fbpx

1. Don’t wait. 

Most soon to be real estate agents wait until they pass the real estate exam to get started interviewing with real estate brokerages. While studying for your exam you should also be putting together a spreadsheet of potential real estate brokerages you could be working for.

2. Don’t be afraid to ask about the commission split and “Cap”. 

All brokerages you’re potentially going to be working for are going to take a cut of your commission. Here’s an example of a 60-40% split with 40% going to the brokerage.

Selling a $300,000 home with a 3% commission

You take home 60% of the 3% – $5,400

Your broker takes home 40% of the 3% – $3,600

Most brokerages also have a cap on how much commission (Typically between $15,000-30,000) they’ll take from you each year. This will usually reset to zero on the first of each year. Don’t be afraid to ask about this and enter it into your spreadsheet.

3. Ask about leads.

As a new agent most of your leads will come from things like open houses, but you should also ask if your broker will provide you any leads to get started. Sometimes as a new agent it make sense to join a solid team if they’ll give you leads even if the commission split gives more to the brokerage.

4. Think about joining a team.

If you search on Google you’re likely to find some of the top performing teams. These “teams” are usually under a larger broker, but have formed their own team. Here’s an example from Google –

 

 

These teams might be more likely to provide you leads and mentor you as you get started.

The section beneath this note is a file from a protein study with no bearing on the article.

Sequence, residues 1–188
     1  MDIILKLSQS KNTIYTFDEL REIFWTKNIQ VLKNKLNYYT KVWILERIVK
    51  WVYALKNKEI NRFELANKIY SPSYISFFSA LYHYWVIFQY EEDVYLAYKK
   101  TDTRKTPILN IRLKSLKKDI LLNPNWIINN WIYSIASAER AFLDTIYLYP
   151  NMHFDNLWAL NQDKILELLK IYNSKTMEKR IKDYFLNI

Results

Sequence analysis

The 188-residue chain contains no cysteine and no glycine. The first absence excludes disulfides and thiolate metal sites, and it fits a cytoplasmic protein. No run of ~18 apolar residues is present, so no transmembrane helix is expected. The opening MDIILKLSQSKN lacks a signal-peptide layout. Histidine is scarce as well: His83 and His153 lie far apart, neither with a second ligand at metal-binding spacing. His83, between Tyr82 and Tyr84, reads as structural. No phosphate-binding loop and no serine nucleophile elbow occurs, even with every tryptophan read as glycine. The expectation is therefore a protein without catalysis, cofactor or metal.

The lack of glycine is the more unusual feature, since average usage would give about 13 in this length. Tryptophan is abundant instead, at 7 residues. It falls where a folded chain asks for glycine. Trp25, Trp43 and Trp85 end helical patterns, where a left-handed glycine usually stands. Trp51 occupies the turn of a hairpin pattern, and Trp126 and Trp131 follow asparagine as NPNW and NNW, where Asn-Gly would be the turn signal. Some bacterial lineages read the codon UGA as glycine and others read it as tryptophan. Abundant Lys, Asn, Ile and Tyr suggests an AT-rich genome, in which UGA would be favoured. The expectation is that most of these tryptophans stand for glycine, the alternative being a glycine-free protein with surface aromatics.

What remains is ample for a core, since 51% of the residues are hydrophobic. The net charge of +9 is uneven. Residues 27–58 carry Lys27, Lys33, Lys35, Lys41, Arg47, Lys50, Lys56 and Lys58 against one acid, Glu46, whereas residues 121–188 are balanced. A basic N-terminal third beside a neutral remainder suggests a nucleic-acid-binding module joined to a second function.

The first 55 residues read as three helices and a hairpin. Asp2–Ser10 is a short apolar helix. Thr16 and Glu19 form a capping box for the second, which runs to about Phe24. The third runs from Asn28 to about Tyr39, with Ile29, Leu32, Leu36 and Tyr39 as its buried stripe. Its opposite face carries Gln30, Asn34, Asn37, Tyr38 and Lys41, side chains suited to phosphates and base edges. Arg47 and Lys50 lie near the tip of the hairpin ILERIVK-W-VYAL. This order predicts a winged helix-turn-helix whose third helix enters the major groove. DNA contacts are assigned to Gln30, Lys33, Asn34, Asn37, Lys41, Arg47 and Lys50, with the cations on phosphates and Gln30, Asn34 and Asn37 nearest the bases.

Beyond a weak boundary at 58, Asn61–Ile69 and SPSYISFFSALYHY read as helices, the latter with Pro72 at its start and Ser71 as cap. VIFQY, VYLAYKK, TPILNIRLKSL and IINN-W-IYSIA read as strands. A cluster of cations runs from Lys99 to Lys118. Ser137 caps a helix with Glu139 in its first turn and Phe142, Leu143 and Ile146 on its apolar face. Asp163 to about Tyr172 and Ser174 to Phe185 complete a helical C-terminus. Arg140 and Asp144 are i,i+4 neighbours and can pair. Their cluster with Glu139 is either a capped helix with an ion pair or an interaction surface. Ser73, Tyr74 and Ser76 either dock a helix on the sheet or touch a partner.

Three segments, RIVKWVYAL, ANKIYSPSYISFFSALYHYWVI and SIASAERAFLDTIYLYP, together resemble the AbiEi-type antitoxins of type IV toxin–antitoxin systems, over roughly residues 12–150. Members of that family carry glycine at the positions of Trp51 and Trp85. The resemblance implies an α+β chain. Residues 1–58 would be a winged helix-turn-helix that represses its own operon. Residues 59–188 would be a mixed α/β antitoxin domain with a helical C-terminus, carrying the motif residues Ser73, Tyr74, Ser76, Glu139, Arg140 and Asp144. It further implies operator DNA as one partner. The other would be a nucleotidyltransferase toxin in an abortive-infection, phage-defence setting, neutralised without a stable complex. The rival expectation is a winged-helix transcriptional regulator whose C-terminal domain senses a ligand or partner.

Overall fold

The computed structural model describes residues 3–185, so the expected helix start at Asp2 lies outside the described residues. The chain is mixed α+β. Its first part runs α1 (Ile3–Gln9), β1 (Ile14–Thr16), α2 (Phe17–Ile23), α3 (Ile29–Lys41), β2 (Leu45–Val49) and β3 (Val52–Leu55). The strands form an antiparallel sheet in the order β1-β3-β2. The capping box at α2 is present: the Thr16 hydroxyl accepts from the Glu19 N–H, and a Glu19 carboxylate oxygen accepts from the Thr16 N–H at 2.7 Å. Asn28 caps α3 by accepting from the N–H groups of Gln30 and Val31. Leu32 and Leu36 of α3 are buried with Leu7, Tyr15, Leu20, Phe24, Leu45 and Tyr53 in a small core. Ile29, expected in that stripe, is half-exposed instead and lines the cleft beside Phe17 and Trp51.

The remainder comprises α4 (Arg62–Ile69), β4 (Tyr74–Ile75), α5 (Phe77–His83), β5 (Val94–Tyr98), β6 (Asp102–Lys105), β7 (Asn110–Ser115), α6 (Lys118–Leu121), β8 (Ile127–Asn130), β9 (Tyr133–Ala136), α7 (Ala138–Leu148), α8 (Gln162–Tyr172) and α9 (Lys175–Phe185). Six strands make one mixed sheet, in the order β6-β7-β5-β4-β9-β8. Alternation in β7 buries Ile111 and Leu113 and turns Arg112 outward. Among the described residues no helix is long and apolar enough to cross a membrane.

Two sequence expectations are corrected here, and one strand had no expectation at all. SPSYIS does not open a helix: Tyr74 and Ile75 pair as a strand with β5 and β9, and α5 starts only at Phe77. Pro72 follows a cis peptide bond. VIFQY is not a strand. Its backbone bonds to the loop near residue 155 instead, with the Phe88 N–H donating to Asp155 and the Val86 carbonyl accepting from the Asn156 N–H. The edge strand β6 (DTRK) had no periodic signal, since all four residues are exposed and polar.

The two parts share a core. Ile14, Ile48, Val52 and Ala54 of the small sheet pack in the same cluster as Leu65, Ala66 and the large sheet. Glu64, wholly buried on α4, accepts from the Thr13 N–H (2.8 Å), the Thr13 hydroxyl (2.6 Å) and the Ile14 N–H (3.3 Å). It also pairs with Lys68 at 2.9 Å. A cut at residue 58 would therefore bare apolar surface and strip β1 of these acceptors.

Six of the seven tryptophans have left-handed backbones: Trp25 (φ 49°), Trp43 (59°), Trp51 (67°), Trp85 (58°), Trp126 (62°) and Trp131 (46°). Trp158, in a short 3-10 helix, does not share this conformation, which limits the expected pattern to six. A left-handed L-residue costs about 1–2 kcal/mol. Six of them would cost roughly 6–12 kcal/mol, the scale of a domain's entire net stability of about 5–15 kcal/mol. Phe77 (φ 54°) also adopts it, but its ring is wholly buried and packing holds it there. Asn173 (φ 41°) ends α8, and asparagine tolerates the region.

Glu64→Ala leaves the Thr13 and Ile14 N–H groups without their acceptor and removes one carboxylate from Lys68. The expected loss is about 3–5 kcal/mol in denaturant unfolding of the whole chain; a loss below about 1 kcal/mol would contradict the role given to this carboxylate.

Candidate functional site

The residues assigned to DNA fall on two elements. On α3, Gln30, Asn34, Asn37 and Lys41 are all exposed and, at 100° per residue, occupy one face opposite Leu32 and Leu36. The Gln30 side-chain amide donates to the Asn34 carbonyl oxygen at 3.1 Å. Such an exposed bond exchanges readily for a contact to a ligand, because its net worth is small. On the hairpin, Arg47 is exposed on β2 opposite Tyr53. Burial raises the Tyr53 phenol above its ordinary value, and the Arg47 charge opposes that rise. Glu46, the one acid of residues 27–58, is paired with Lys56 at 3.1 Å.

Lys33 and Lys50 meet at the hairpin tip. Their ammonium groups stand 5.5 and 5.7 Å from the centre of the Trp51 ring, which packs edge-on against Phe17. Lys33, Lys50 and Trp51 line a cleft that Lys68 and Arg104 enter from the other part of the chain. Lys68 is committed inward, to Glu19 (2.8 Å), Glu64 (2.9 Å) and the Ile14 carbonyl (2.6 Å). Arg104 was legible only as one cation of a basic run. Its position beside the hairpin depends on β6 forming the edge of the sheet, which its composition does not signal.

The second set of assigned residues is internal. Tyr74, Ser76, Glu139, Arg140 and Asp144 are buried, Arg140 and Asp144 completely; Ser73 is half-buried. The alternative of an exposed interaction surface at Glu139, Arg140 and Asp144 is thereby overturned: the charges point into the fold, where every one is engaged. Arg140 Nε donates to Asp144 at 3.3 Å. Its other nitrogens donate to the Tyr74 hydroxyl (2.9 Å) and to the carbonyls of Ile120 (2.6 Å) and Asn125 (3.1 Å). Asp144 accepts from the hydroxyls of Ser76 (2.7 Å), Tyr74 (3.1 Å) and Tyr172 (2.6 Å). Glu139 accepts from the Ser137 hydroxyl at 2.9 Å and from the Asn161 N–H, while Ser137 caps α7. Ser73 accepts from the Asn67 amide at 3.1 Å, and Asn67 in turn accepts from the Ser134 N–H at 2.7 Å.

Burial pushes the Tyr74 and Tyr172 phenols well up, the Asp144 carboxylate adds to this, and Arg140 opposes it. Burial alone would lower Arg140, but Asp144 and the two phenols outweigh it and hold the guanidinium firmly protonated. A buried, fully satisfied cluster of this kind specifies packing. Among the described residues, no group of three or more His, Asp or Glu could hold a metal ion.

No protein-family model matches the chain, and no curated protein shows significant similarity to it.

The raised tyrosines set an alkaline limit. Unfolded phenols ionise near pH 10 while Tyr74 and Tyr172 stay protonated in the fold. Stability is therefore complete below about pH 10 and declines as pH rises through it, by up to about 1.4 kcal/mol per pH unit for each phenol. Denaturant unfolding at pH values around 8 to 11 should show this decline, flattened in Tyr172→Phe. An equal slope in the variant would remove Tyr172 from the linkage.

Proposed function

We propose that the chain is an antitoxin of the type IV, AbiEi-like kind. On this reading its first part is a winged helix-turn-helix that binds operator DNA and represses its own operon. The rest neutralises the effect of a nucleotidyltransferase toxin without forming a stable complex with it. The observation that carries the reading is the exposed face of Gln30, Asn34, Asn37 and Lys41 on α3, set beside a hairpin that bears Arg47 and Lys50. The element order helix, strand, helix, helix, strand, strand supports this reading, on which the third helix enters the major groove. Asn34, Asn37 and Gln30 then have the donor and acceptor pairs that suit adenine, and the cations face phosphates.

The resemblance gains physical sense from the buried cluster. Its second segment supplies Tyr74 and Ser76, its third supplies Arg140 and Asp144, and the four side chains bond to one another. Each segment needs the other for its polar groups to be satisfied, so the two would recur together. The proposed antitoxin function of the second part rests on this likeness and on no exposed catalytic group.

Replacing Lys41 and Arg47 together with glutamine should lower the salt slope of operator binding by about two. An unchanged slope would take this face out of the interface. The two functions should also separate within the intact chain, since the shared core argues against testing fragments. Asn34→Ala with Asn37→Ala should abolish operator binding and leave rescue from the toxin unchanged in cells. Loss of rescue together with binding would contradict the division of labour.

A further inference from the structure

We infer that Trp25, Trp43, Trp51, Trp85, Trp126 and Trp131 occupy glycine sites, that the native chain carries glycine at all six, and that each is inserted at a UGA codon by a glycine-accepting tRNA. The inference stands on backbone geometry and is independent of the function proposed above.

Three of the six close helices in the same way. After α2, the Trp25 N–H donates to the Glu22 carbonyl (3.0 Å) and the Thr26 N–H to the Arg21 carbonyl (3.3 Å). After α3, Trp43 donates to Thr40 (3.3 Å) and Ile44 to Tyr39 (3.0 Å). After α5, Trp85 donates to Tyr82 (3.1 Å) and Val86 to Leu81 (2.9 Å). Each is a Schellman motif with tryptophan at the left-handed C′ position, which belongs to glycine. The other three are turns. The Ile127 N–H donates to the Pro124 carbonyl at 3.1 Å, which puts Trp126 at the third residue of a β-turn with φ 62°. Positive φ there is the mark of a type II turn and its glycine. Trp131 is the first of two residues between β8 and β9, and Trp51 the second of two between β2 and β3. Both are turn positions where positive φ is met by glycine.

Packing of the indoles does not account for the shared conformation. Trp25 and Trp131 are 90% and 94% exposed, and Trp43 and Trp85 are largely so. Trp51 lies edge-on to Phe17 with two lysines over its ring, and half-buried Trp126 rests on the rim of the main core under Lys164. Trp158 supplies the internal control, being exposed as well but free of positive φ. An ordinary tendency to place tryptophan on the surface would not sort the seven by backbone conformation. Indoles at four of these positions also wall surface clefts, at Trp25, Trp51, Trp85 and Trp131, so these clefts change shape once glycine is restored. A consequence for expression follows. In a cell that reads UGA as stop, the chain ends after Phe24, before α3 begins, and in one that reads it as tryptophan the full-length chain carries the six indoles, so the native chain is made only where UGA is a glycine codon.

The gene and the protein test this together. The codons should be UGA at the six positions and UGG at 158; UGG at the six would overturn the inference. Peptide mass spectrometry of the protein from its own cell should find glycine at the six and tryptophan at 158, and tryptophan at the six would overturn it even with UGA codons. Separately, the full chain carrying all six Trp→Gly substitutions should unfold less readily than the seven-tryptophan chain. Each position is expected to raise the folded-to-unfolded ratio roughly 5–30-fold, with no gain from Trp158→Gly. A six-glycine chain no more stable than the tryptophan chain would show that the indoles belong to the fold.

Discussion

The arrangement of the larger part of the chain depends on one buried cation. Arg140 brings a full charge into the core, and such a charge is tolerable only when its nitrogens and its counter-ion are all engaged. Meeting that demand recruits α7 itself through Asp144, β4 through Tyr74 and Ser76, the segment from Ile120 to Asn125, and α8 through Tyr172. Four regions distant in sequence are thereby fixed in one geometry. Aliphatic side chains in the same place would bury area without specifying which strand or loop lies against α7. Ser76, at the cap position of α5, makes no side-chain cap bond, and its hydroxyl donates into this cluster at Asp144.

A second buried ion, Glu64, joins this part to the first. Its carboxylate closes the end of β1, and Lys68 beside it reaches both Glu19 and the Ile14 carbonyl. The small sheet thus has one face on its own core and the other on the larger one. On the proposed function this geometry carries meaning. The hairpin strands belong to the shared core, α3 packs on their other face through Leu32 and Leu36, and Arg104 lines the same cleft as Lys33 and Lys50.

5. Ask about training.  

One benefit to joining larger brokerages like Keller Williams is that they do provide lots of training classes. Classes and courses are great, but there is no substitute for hands on training with a mentor. Sometimes it’s better to join a smaller brokerage or team that will provide on the job training, let you shadow them, and help you fill out your first contracts.

 

6. What are the monthly fees?

Most brokers charge monthly fees for technology, administrative expenses, etc around $75-150 a month. It’s an important question to ask because these along with realtor association fees, E & O insurance, signs & advertising expenses add up.

 

7. Remember you’re interviewing them as well.

You may be nervous that no one will hire you after you pass your exam, but the majority of brokerages are looking to build their teams and increase their sales volume. They’ll be trying to sell you on joining them as much as you’re selling yourself to them. Don’t stress out too much over your decision. If you’re unhappy you can always switch brokerages easily.

 

Bonus Tip

 

Don’t wait to start building up your CRM (Keeps track of leads and reminds you to follow up) and your e-mail list. Reach out to as many people as possible, let them know you’ll be an agent soon, ask for their e-mail, and ask if they’re interested in buying or selling soon. After you get that information enter it into your CRM and Mailchimp.

Mailchimp allows you to store up to 2,000 contacts for free and you can e-mail them monthly to keep them updated on what you’re doing. Pipeline will let you store as many contacts as you want for just $9 a month and remind you to follow up.